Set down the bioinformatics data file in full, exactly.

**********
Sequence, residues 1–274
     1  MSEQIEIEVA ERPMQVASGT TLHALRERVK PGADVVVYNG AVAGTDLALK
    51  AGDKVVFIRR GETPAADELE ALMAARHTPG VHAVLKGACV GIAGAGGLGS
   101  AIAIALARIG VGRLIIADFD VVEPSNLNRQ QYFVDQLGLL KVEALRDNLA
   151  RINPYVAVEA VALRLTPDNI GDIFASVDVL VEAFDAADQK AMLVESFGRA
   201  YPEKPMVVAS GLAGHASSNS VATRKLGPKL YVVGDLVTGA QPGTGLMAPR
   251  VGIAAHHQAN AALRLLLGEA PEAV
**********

Sequence, residues 1–274
     1  MSEQIEIEVA ERPMQVASGT TLHALRERVK PGADVVVYNG AVAGTDLALK
    51  AGDKVVFIRR GETPAADELE ALMAARHTPG VHAVLKGACV GIAGAGGLGS
   101  AIAIALARIG VGRLIIADFD VVEPSNLNRQ QYFVDQLGLL KVEALRDNLA
   151  RINPYVAVEA VALRLTPDNI GDIFASVDVL VEAFDAADQK AMLVESFGRA
   201  YPEKPMVVAS GLAGHASSNS VATRKLGPKL YVVGDLVTGA QPGTGLMAPR
   251  VGIAAHHQAN AALRLLLGEA PEAV